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New tests select patients who could live for nearly a year longer on targeted bowel cancer drug
Giving patients with bowel cancer an MRI scan and a blood test could pick out those who would benefit from a targeted cancer treatment, a new study reports.
Researchers found that after only two weeks on the drug regorafinib, a test based on an MRI scan could tell which patients would respond an average of 9.4 months longer than those whose treatment failed early.
Testing for cancer DNA in the bloodstream also tracked the benefit of treatment – with patients with low levels of cancer DNA after two months surviving an average of 9.7 months longer than those where there was no change or an increase.
Early findings suggest that combining the MRI scan with the blood test could give an even stronger prediction of which patients will respond to treatment.
The tests could allow doctors to rapidly identify which patients are no longer benefiting from treatment and switch them to an alternative drug.
A team at The Institute of Cancer Research, London, and The Royal Marsden NHS Foundation Trust tested 27 patients with chemotherapy-resistant advanced bowel cancers and mutations in the gene KRAS, as part of a phase II clinical trial of regorafinib.
The new study is published today (Wednesday) in the journal Gut, and was funded by Bayer Pharmaceuticals, Cancer Research UK, the NIHR Biomedical Research Centre at The Royal Marsden NHS Foundation Trust and The Institute of Cancer Research (ICR), and The Royal Marsden Cancer Charity.
One of the ways regorafinib works is by restricting the blood supply to tumours, starving them of oxygen and the vital nutrients they need to grow.
The researchers developed a new method using MRI to assess whether the drug is hitting its target by viewing reductions in blood vessels feeding the tumour.
Patients who showed a reduction in tumour blood supply by 70 per cent by an MRI all survived six months on the treatment, and 75 per cent were still alive after a year.
These patients survived for an average of 15.2 months, compared with only 5.8 months for those who didn’t respond to the drug in this way.
This is the first study to show in patients that regorafinib is effective because it restricts the blood supply to tumours, starving them of oxygen and nutrients.
The researchers also found that patients who responded well to the drug had a marked drop in cancer DNA in the bloodstream, which continued throughout treatment.
Some 48 per cent of the 27 patients in the trial sustained this drop in the level of circulating cancer DNA for two months. These patients survived 15.2 months after beginning treatment, compared with only 5.5 months for patients who experienced no change or an increase in the levels of circulating DNA.
Early data on use of the two tests together has prompted optimism that they could be even more effective at picking out patients who are most likely to respond – guiding clinical decisions with greater confidence.
Regorafinib is licensed for people with bowel cancer for whom all other chemotherapy options have failed, but it is not available on the NHS, in part because of doubts over its effectiveness in unselected patients.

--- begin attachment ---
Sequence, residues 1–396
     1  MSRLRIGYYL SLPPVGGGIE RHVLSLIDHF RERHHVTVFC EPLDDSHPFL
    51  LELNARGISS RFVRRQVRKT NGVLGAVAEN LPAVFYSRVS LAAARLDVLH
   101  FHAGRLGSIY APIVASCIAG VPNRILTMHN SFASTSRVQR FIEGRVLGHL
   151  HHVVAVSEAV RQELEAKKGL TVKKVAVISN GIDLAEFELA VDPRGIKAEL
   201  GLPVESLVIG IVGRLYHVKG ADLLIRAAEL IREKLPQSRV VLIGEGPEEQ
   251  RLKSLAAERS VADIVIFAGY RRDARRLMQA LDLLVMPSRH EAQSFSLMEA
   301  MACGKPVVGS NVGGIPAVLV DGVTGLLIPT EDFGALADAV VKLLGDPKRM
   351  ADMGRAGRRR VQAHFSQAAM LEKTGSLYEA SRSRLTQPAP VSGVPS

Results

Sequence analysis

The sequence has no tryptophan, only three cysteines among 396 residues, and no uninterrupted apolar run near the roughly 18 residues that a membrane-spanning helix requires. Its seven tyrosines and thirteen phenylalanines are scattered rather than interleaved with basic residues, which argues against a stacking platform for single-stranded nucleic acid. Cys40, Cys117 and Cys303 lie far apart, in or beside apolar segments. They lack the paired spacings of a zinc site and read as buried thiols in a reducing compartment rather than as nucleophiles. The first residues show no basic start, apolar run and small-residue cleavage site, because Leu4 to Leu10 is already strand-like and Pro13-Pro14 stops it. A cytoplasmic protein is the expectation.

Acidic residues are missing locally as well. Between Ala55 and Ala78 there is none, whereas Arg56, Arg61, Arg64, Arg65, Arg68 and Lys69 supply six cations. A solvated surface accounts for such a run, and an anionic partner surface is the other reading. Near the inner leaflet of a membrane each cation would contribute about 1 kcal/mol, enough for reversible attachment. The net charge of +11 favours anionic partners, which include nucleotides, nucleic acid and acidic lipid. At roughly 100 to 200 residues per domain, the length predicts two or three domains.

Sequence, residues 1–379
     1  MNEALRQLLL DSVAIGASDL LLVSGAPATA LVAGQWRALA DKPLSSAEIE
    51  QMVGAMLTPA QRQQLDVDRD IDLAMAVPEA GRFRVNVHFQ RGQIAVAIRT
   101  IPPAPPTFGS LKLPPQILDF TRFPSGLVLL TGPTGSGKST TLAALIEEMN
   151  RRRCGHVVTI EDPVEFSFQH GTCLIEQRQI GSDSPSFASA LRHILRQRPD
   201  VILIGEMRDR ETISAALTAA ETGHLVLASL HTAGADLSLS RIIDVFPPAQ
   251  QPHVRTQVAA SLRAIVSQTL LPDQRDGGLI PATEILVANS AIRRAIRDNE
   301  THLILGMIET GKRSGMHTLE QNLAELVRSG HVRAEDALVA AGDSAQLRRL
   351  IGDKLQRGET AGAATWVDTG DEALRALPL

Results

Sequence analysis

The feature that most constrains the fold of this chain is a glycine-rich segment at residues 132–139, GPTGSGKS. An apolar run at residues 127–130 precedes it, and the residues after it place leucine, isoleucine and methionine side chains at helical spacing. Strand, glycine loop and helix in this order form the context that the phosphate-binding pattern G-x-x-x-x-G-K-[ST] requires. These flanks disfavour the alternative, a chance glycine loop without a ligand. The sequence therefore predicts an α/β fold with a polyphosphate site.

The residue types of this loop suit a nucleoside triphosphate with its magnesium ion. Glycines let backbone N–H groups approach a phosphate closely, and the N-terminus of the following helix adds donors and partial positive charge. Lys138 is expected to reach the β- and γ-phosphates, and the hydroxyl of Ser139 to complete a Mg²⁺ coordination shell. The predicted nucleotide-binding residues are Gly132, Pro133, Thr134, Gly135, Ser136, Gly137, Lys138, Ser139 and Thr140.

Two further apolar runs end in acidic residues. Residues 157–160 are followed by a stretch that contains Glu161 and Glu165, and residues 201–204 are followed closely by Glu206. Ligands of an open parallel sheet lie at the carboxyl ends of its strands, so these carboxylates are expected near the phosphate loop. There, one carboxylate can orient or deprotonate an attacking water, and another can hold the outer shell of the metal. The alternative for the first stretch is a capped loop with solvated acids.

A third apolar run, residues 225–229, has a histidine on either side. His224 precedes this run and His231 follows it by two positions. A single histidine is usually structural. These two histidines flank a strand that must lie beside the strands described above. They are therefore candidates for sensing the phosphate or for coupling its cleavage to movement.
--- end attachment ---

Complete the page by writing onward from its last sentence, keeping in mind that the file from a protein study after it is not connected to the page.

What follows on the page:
Tests that quickly identify who could benefit from the treatment are urgently needed, since patients with bowel cancer that has spread around the body don’t have many effective treatment options open to them. A trial will now be run in a larger group of patients that assesses using both tests in succession.
Study leader Dr Nicola Valeri, Team Leader in Gastrointestinal Cancer Biology and Genomics at The Institute of Cancer Research, London, and a Consultant Medical Oncologist at The Royal Marsden NHS Foundation Trust, said:
“We have developed new tests with the potential to detect very quickly which patients are likely to respond long term to the drug regorafinib – and that give an early warning of treatment failure in others who could be switched to another treatment.
“Bowel cancer that has spread around the body is a difficult disease to treat. Although a number of treatments are available they don’t always work in the long term, so it’s great that it seems we can now pick out patients for whom regorafinib could offer many extra months of life.
“We are now beginning a new trial to make sure that the tests work in a larger group of patients. If our findings are confirmed we hope policy makers will reconsider the recommendation against use of regorafenib on the NHS for people with bowel cancer. We could then use the tests in the clinic to benefit patients who badly need hard and fast answers on whether their treatment will give them precious extra time with their loved ones.”
Professor David Cunningham, Director of the NIHR Biomedical Research Centre at The Royal Marsden NHS Foundation Trust and The Institute of Cancer Research, London, who was Chief Investigator of the clinical trial associated with the study, said:
“At The Royal Marsden targeted, precision medicine is at the very core of our work and we believe this is a very important test for patients with advanced bowel cancer. Being able to identify which patients benefit from regorafinib, and giving them an extra year with their loved ones, shows the importance of our research work for this particular group of patients who currently have limited options available to them.”